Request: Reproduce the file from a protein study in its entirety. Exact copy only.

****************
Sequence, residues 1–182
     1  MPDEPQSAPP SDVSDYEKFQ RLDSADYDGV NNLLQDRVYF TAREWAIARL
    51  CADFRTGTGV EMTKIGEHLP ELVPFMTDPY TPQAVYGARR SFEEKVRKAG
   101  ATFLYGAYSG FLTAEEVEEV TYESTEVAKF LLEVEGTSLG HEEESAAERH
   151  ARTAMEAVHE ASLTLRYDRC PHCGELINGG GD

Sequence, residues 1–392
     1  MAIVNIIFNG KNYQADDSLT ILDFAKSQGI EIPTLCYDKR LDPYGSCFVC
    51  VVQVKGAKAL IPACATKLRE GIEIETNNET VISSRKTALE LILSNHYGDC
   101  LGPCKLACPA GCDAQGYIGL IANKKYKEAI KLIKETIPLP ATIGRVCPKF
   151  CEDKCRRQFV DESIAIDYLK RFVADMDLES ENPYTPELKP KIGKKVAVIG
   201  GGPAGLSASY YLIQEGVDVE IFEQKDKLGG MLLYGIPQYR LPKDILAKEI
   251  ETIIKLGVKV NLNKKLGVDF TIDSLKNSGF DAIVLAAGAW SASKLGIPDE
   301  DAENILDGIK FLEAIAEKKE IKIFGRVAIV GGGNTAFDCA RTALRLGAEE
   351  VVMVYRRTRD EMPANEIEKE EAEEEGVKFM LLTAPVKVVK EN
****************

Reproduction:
Sequence, residues 1–182
     1  MPDEPQSAPP SDVSDYEKFQ RLDSADYDGV NNLLQDRVYF TAREWAIARL
    51  CADFRTGTGV EMTKIGEHLP ELVPFMTDPY TPQAVYGARR SFEEKVRKAG
   101  ATFLYGAYSG FLTAEEVEEV TYESTEVAKF LLEVEGTSLG HEEESAAERH
   151  ARTAMEAVHE ASLTLRYDRC PHCGELINGG GD

Sequence, residues 1–392
     1  MAIVNIIFNG KNYQADDSLT ILDFAKSQGI EIPTLCYDKR LDPYGSCFVC
    51  VVQVKGAKAL IPACATKLRE GIEIETNNET VISSRKTALE LILSNHYGDC
   101  LGPCKLACPA GCDAQGYIGL IANKKYKEAI KLIKETIPLP ATIGRVCPKF
   151  CEDKCRRQFV DESIAIDYLK RFVADMDLES ENPYTPELKP KIGKKVAVIG
   201  GGPAGLSASY YLIQEGVDVE IFEQKDKLGG MLLYGIPQYR LPKDILAKEI
   251  ETIIKLGVKV NLNKKLGVDF TIDSLKNSGF DAIVLAAGAW SASKLGIPDE
   301  DAENILDGIK FLEAIAEKKE IKIFGRVAIV GGGNTAFDCA RTALRLGAEE
   351  VVMVYRRTRD EMPANEIEKE EAEEEGVKFM LLTAPVKVVK EN